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Re: Flight capablities of Archie & Confucius? Not so good...

> > It is perhaps significant that kakapos are
> effectively
> > flightless, but still use their wings to parachute to
> safety
> > from trees etc without getting hurt. For all that can
> be
> > said, Archie had a better wing loading than a kakapo.
> Kakapos, though, are superb climbers.
> But I take your point.  I suspect that the wings of
> _Archaeopteryx_ and small non-avialan maniraptorans (e.g.,
> microraptorines, _Rahonavis_, _Jinfengopteryx_) were
> employed to help get them out of trees.

No, not trees. What I mean is that the ability to parachute/glide safely down 
from *any* significant elevation that can be reached is apparently so 
advantageous that it is lost last in neoflightless lineages. Kakapos use trees, 
because they climb very well. _Threskiornis solitarius_ used hillsides, because 
it lived on a mountain and could not climb at all. 

So perhaps it was also gained first in incipiently volant lineages that had 
short, round wings with weak rectrices (as Archie had).

The basic technique is actually quite common in highly volant theropods too. 
Owls, harriers, kiskadees, corvids and so on use it to pounce upon prey from a 
lookout position (which need not be more than a meter above ground) with 
minimal energy expenditure and minimal warning.

Lilienthal's hang glider experiments are really something to be considered as 
an analogy. Check out this photo:

He had a launch-hill built that was elevated above the surrounding landscape by 
about two times the glider's wingspan. For Archie, that would have been between 
half a meter and a meter. Lilienthal's glidepath was up to 40 times the 
glider's wingspan. That cannot be compared to Archie of course except in very 
loose terms, but it would still mean that Archie could, from a rock or trunk or 
coralhead or *anything* it could hop/scramble using hands and feet/WAIR up (no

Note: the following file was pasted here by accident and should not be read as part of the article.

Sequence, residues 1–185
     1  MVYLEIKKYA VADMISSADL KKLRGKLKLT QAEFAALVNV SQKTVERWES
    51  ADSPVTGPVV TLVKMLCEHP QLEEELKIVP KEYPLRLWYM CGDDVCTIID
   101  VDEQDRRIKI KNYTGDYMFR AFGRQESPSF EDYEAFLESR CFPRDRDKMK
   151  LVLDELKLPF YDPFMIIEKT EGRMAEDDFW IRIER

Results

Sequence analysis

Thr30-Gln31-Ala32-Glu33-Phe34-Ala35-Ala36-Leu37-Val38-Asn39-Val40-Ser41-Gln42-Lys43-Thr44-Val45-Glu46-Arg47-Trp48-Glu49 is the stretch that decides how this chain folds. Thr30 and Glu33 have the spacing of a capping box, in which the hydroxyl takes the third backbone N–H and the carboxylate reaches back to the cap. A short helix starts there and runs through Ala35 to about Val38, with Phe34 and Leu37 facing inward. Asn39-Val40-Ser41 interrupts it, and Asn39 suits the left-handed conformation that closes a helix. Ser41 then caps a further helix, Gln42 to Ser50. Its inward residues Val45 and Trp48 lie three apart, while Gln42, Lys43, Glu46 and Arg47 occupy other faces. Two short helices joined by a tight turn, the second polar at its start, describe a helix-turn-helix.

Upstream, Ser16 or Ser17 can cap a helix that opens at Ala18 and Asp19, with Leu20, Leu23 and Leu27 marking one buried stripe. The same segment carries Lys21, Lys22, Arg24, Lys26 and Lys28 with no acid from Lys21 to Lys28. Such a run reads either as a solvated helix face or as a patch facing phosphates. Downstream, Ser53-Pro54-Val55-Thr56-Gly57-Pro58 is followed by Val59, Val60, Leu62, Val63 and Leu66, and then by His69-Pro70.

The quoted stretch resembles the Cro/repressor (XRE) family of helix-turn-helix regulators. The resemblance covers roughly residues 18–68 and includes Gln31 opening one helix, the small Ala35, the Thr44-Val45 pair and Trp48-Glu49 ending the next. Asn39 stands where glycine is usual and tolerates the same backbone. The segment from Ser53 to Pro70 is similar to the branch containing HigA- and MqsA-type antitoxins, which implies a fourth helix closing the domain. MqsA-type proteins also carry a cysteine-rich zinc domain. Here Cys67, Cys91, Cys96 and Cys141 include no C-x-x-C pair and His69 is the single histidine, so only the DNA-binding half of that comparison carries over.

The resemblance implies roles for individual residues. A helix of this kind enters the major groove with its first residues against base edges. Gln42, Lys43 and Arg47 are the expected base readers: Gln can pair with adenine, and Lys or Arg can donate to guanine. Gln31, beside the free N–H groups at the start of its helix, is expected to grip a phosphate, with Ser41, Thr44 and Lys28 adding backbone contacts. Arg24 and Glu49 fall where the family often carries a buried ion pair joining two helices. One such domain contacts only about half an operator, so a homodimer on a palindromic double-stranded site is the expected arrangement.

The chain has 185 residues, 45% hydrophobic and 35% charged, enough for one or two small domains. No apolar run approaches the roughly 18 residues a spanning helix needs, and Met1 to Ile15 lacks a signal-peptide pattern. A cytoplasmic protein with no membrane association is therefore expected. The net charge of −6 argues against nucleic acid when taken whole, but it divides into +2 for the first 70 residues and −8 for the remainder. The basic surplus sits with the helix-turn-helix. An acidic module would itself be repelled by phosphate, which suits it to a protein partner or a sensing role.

real vertical "climbing" necessary!), achieve a glidepath that covered a dozen 
meters or so[*], possibly in less time than it could run that distance, and 
certainly with far less noise and energy expenditure.

To a contemporary observer, that would have made Archie the pinnacle of 
efficiency. To its prey, it would have been a most dangerous predator. To its 
predators, it would have been a most frustrating prey.

But perhaps Percy Pilcher is a better analogy than Lilienthal, as Pilcher tried 
to evolve his gliders for powered flight but couldn't do it - the weight added 
cancelled out the lift gained. Major structural changes would have been 
necessary. Just the same as it was with Archie vs. later self-powered birds. 
(John J. Montgomery, probably most familiar to US listmembers, was not very 
keen on using ground-based launch)

It is also important that any significant Archie predators were terrestrial. 
Small mammals do not use elevated lookouts today as much as they could, because 
of the aerial threat. But even so, except for the smallest, they do so - 
marmots, prairie dogs, black-footed cats, meerkats and so on. Even with no 
flight capability at all, the advantage gained by using even the slightest 
elevation to get a better view of your surroundings is immense. 

It is a better null hypothesis to assume Archie did use elevated lookouts too, 
than to assume it didn't, given how widespread and phylogenetically 
noninformative such behavior is among animals of comparable size even today, 
under more adverse circumstances. And as soon as it did get up somewhere, it 
would have been in the perfect position to maximize the usefulness of its 
marginal flight capability.[**]

In essence, that would make Archie (and anything with a similar anatomy) a 
ground-effect glider.



* I can find no published reference for estimates of Archie's glide ratio. A 
good study would now be more important than ever, and I think a rather accurate 
estimate can be made, given the quality of the fossil record. But it is really 
important to consider ground effect, because there would not have been an easy 
way for Archie to get out of it - with no significant vertical-climbing ability 
nor powered-flight capability, it would have by default been largely limited to 
the ground-effect zone, where the glide ratio is (IIRC) better. (Lilienthal, 
Pilcher and Montgomery all found it problematic to get out of ground effect, 
and it may be significant that Pilcher suffered fatal structural failure and 
Lilienthal fatally stalled just above the ground effect zone)

** That such an approach is very useful even to perfectly volant theropods can 
be seen when approaching birds resting on a slightly elevated position, e.g. 
seagulls on breakwaters. If yo do not run at them but approach at a slow but 
steady pace, they will usually choose to glide some distance away, rather than 
flying up and leaving the area for good. There is little point in expending 
energy for powered flight as long as simply putting some distance between you 
and the disturbance by a far more energy-efficient way will do.